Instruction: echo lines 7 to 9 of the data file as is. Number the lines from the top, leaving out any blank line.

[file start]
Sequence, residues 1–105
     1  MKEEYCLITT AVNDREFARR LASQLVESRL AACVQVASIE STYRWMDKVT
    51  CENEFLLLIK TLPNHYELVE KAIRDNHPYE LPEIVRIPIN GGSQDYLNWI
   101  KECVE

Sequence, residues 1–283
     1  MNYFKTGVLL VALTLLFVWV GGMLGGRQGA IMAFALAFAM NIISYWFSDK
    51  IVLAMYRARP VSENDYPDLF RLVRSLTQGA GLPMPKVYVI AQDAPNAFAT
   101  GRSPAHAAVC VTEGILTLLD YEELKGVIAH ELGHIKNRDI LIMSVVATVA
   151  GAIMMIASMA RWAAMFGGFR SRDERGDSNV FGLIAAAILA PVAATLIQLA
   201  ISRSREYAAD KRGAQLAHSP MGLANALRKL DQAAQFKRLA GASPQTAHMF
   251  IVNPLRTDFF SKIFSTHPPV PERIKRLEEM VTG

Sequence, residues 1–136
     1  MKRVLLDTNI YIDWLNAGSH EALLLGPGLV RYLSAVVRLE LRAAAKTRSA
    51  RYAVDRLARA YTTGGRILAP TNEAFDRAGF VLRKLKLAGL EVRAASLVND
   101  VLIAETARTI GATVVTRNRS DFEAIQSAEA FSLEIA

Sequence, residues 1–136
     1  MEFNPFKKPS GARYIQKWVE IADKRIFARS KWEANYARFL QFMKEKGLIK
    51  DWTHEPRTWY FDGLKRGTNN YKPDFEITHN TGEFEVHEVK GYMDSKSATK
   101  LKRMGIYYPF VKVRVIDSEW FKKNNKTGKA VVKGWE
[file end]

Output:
    51  IVLAMYRARP VSENDYPDLF RLVRSLTQGA GLPMPKVYVI AQDAPNAFAT
   101  GRSPAHAAVC VTEGILTLLD YEELKGVIAH ELGHIKNRDI LIMSVVATVA
   151  GAIMMIASMA RWAAMFGGFR SRDERGDSNV FGLIAAAILA PVAATLIQLA